The previous chapter has presented the basic paradigms used for implementing floating-point arithmetic in hardware. However, some processors may not have such dedicated hardware, mainly for cost reasons. When it is necessary to handle floating-point numbers on such processors, one solution is to implement floating-point arithmetic in software.
Jean-Michel Muller, Nicolas Brunie, Florent de Dinechin, Claude-Pierre Jeannerod, Mioara Joldes, Vincent Lefèvre, Guillaume Melquiond, Nathalie Revol, Serge Torres

Chapter 10. Evaluating Floating-Point Elementary Functions

The elementary functions (the right term is “elementary transcendental functions”) are the most common mathematical functions: sine, cosine, tangent, and their inverses, exponentials and logarithms of radices e, 2, or 10, etc. They appear everywhere in scientific computing. Therefore, being able to evaluate them quickly and accurately is important for many applications. Many very different methods have been used for evaluating them: polynomial or rational approximations, shift-and-add algorithms, table-based methods, etc.
Jean-Michel Muller, Nicolas Brunie, Florent de Dinechin, Claude-Pierre Jeannerod, Mioara Joldes, Vincent Lefèvre, Guillaume Melquiond, Nathalie Revol, Serge Torres

Extensions

Chapter 11. Complex Numbers

Complex numbers naturally appear in many domains (such as electromagnetism, quantum mechanics, and relativity). It is of course always possible to express the various calculations that use complex numbers in terms of real numbers only. However, this will frequently result in programs that are larger and less clear. A good complex arithmetic would make numerical programs devoted to these problems easier to design, understand, and debug.
Jean-Michel Muller, Nicolas Brunie, Florent de Dinechin, Claude-Pierre Jeannerod, Mioara Joldes, Vincent Lefèvre, Guillaume Melquiond, Nathalie Revol, Serge Torres

Chapter 12. Interval Arithmetic

The automation of the a posteriori analysis of floating-point error cannot be done in a perfect way (except possibly in straightforward or specific cases), yielding exactly the roundoff error. However, an approach based on interval arithmetic can provide results with a more or less satisfactory quality and with more or less efforts to obtain them. This is a historical reason for introducing interval arithmetic, as stated in the preface of R. Moore’s PhD dissertation [427]: “In a hour’s time a modern high-speed stored-program digital computer can perform arithmetic computations which would take a “hand-computer” equipped with a desk calculator five years to do. In setting out a five year computing project, a hand computer would be justifiably (and very likely gravely) concerned over the extent to which errors were going to accumulate—not mistakes, which he will catch by various checks on his work—but errors due to rounding” and discretization and truncation errors.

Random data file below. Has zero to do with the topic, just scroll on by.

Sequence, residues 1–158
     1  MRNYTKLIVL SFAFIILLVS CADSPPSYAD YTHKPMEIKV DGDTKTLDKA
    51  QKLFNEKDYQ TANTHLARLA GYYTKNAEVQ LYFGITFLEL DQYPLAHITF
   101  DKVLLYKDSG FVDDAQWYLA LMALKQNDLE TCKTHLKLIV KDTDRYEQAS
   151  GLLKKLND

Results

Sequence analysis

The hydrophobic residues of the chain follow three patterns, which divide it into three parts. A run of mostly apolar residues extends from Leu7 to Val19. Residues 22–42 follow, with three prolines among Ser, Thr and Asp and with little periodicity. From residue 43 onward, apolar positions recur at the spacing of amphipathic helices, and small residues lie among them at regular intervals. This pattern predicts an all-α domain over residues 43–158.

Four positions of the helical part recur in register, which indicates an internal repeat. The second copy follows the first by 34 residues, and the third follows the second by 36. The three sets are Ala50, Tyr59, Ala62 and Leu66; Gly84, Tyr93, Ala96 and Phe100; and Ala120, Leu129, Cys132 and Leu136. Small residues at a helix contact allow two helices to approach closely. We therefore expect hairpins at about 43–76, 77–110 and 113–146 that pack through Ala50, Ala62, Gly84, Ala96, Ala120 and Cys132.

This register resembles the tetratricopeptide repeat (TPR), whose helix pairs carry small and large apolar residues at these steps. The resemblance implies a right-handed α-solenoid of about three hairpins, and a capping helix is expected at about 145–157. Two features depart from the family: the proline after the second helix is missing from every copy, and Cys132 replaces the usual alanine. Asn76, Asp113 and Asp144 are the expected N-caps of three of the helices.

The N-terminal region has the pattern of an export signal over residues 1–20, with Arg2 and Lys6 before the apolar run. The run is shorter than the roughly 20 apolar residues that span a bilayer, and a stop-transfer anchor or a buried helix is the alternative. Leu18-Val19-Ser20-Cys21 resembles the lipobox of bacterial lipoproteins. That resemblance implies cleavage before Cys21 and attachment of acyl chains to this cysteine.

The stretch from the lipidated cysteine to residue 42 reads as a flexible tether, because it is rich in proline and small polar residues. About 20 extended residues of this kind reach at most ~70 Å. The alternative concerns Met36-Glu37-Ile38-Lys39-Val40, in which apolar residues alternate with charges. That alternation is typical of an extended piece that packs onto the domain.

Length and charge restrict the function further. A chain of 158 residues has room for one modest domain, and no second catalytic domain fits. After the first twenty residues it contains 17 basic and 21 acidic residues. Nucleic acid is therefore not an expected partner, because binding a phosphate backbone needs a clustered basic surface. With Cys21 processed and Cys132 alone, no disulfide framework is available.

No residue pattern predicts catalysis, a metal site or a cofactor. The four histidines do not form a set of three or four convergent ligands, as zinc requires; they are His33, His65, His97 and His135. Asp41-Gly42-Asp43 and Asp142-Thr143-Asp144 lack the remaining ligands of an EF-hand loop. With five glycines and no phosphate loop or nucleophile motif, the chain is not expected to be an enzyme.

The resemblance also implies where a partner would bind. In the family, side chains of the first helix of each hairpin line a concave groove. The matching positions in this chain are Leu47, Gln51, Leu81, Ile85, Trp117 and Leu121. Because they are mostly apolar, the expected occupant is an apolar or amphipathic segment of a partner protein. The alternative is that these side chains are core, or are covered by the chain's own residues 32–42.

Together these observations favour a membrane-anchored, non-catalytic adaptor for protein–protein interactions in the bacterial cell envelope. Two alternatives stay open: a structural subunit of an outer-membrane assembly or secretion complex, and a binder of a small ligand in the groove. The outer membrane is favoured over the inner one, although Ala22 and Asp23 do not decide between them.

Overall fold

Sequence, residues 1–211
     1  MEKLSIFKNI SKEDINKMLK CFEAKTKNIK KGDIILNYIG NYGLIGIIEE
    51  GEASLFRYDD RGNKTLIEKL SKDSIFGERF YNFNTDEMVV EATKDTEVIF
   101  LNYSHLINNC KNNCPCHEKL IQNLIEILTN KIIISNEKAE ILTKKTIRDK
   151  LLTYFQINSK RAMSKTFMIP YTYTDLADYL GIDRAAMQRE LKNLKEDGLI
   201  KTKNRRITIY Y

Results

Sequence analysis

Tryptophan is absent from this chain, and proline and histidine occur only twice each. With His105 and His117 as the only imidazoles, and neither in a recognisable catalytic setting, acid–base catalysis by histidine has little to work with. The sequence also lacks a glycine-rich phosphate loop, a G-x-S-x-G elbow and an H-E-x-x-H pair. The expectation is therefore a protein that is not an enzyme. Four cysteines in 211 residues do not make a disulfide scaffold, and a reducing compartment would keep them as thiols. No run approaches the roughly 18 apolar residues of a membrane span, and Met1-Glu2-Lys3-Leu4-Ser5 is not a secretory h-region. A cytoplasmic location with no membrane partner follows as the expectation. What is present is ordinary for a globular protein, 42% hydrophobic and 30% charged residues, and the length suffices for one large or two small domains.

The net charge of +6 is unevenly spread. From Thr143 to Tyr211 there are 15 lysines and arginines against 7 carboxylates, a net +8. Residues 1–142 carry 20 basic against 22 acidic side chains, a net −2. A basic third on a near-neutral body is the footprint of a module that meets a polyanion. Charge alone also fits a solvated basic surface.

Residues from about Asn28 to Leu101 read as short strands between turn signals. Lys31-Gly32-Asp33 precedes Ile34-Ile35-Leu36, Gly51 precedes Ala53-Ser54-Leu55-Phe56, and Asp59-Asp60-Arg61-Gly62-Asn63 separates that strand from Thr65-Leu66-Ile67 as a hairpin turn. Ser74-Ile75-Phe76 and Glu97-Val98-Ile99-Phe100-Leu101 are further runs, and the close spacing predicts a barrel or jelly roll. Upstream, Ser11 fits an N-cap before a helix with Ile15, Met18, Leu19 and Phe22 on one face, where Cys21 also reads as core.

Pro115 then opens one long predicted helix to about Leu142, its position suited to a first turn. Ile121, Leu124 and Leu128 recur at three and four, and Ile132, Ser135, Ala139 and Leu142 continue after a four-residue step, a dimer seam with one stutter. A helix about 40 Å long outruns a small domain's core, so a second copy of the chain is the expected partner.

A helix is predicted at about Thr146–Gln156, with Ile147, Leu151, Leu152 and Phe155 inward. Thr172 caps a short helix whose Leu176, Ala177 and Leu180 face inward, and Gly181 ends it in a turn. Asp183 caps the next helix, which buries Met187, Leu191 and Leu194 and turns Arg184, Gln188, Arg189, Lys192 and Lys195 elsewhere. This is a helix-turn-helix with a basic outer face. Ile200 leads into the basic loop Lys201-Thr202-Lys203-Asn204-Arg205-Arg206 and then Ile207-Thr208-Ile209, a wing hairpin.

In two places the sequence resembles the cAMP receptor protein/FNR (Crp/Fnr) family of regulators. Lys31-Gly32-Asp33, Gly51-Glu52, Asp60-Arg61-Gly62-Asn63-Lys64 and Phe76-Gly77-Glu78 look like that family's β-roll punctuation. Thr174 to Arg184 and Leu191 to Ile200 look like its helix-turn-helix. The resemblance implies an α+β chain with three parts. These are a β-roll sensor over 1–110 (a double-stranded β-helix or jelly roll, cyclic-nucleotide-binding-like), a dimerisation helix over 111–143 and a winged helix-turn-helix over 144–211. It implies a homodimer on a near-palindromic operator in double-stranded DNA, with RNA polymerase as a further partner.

Jean-Michel Muller, Nicolas Brunie, Florent de Dinechin, Claude-Pierre Jeannerod, Mioara Joldes, Vincent Lefèvre, Guillaume Melquiond, Nathalie Revol, Serge Torres

Chapter 13. Verifying Floating-Point Algorithms

While the previous chapters have made clear that it is common practice to verify floating-point algorithms with pen-and-paper proofs, this practice can lead to subtle bugs. Indeed, floating-point arithmetic introduces numerous special cases, and examining all the details would be tedious. As a consequence, the verification process tends to focus on the main parts of the correctness proof, so that it does not grow out of reach.
Jean-Michel Muller, Nicolas Brunie, Florent de Dinechin, Claude-Pierre Jeannerod, Mioara Joldes, Vincent Lefèvre, Guillaume Melquiond, Nathalie Revol, Serge Torres

Chapter 14. Extending the Precision

Though satisfactory in most situations, the fixed-precision floating-point formats that are available in hardware or software in our computers may sometimes prove insufficient. There are reasonably rare cases when the binary64/decimal64 or binary128/decimal128 floating-point numbers of the IEEE 754 standard are too crude as approximations of the real numbers. Also, at the time of writing these lines, the binary128 and decimal128 formats are very seldom implemented in hardware.
Jean-Michel Muller, Nicolas Brunie, Florent de Dinechin, Claude-Pierre Jeannerod, Mioara Joldes, Vincent Lefèvre, Guillaume Melquiond, Nathalie Revol, Serge Torres

Backmatter